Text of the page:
If you refuse to let them
go, I will plague your whole country with frogs.
— Exodus 8:2
Everyone wants to talk about the frogs. Everyone loves to point out those little references to the numbers 8 and 2. I’m one of those people, and in fairness, these are some of the more interesting features of Magnolia. But in a recent viewing, it seemed to me that the prologue had been seriously overlooked and underrated. Here we have these three wonderfully crafted, fast-paced vignettes—“the account of the hanging of 3 men . . . and a scuba diver . . . and a suicide.” Dark, yet delightful, each one a metaphor and foreshadowing. And from this prologue we learn to expect more of the same basic structure in the body of Magnolia. That is, the astounding and unbelievable confluence of unrelated events and people.
One vignette tells of an account, as reported in the New York Herald, of the hanging of three men. On November 26, 1911 a resident of Greenberry Hill, London was robbed and murdered. The perpetrators were identified as Joseph Green, Stanley Berry, and Daniel Hill. Green, Berry, Hill. The other vignettes are even more amazing, but harder to explain.
Sure enough, the central narrative of Magnolia is structured around a similarly intricate web of disparate people and events. In the end they all intersect through random chance on a single day in the San Fernando Valley of Southern California. It isn’t long before nine separate stories emerge as parallel stories and are eventually gathered into a single story.
The medium of film is used by screenwriters (and audiences) like dreams—to work out their own unconscious pain, pathology, and passion. Paul Thomas Anderson, the writer and director of Magnolia, is no exception. Its complex characters and storyline serve this purpose.
The trailers tell us it is a film about love lost, gained, given, and withheld. It is a film about mistakes made between fathers and sons. And finally, perhaps the least subtle topic of all, it is a film about how the past will decide what happens in the end. It is a notion made clear by the line repeated throughout the film: “The book says, ‘We may be through with the past, but the past ain’t through with us.’ ”
But then frogs start falling from the sky.
And we can’t help it—we watch, curious, then fascinated, wanting to know, and ultimately realizing that we desperately need to know what this has to do with the story.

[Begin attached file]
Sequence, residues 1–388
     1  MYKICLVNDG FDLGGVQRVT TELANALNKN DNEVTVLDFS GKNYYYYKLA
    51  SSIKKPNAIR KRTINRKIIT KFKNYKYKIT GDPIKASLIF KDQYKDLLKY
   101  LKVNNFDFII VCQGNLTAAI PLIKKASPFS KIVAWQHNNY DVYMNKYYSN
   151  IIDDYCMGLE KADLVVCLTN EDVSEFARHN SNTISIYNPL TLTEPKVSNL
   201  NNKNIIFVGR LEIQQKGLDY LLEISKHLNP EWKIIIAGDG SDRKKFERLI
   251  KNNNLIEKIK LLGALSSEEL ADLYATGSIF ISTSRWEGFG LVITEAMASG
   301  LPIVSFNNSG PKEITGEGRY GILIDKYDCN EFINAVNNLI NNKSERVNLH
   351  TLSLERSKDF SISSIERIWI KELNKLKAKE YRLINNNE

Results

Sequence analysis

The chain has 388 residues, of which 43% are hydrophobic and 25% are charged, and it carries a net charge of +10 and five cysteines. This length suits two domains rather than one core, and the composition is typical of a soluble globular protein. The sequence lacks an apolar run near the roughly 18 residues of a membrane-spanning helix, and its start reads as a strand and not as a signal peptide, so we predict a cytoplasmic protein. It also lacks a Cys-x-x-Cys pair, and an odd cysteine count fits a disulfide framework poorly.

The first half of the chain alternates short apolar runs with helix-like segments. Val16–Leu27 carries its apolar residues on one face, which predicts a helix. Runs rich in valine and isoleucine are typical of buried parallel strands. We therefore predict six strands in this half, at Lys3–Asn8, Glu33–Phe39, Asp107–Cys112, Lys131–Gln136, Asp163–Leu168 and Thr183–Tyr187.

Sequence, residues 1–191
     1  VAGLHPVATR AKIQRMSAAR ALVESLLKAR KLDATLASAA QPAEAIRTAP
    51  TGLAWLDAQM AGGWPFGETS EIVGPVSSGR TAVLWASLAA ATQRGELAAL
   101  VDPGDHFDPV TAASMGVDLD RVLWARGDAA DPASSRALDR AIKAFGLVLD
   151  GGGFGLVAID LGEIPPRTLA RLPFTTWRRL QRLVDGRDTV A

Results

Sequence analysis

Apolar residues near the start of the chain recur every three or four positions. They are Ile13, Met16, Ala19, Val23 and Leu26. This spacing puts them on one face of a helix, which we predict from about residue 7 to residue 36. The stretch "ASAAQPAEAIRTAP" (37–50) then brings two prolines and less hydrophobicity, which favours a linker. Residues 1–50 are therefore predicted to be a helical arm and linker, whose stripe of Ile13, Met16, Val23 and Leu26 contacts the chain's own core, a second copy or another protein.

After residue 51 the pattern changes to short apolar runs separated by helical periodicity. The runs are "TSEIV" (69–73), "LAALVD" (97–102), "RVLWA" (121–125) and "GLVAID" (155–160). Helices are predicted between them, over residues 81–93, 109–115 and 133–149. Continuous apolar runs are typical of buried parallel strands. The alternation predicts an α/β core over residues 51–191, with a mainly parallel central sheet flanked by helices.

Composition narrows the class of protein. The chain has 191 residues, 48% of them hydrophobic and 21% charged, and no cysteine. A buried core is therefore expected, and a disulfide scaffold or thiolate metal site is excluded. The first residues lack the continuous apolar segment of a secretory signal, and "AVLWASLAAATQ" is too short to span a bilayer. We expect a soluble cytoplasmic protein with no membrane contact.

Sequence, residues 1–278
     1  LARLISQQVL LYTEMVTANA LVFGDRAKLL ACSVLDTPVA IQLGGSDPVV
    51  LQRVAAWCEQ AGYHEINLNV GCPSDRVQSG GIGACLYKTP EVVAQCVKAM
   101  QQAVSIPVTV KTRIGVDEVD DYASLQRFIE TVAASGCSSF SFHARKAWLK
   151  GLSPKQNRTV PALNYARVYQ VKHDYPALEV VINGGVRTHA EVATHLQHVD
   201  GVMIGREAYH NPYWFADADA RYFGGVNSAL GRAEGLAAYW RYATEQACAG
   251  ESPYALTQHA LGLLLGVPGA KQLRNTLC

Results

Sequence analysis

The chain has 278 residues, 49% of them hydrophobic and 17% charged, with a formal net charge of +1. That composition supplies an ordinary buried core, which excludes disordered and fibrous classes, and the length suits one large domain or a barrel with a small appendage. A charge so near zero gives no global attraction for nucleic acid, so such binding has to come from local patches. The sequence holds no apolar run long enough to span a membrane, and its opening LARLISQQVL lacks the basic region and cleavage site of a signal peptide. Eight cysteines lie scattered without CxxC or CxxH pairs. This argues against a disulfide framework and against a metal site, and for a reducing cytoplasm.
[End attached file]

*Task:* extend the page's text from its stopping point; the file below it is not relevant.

Well, perhaps nothing. It’s likely that the frogs and the Exodus 8:2 references throughout the film are merely a surprise cinematic twist. In the end, they have little to do with the actual content of the film. They’re just a treat for film geeks like me, so we can spend time in a “where’s Waldo” hunt for the numbers 8, 2, and any references to frogs. In many cases, the foreshadowing feels like a less-than-subtle thump on the head.
But the numerological foreshadowing is largely found in the margins. Even the margins of the title reveal a reference. The word “Magnolia” has 8 letters, 2 of which are the letter “a”—the 8th and 2nd letters of the word. In case you missed that one, there are over fifty of these references throughout the film (proof of my geekness). For some reason P. T. Anderson doesn’t want us to be too surprised when the frogs fall. So, maybe they do mean something.
Perhaps the frogs falling from the sky are not a random interjection, but rather the only possible conclusion to this story. In this scenario, the prologue is really the juicy piece of meat carried by the burglar to distract the watchdog of the mind.
Inanimate object lessons.
These vignettes serve to distract rather than direct. They distract from their intended purpose—to introduce the true basis of the film. Perhaps the only real purpose of the prologue is to introduce the numerological foreshadowing laced liberally throughout the film. In the first story, one of the hanged men is wearing the number 82. In the second story, the number on the side of the plane is 82. And in the third story, cables to the left of Sidney Barringer’s feet are coiled in the shape of an 8 and a 2. The actual stories themselves are of little consequence.
The implausible interplay of characters and events throughout the film serves a similar function. It is simply another distraction—the woman in the red dress turning our head.
If the prologue and complex storyline are only there to distract us from the true meaning of the film, where do we find meaning? Movie precedent tells us that a film’s title is the seat of meaning. Although this film contains only subtle allusions to its title (such as wall paintings of magnolia flowers), perhaps pondering “magnolia” and its symbolic meanings will grant illumination to our path.
We already know the magnolia is a flower. But it is also the name of the street in the San Fernando Valley where the car crash occurs in the end. Herbal medicine alleges that eating magnolia tree bark can help cure cancer. Additionally, “magnolia” is a phonetic allusion to the ancient mythical region known as Magonia, a kind of purgatory in the sky to which creatures and objects inexplicably disappear—and then occasionally fall to the earth.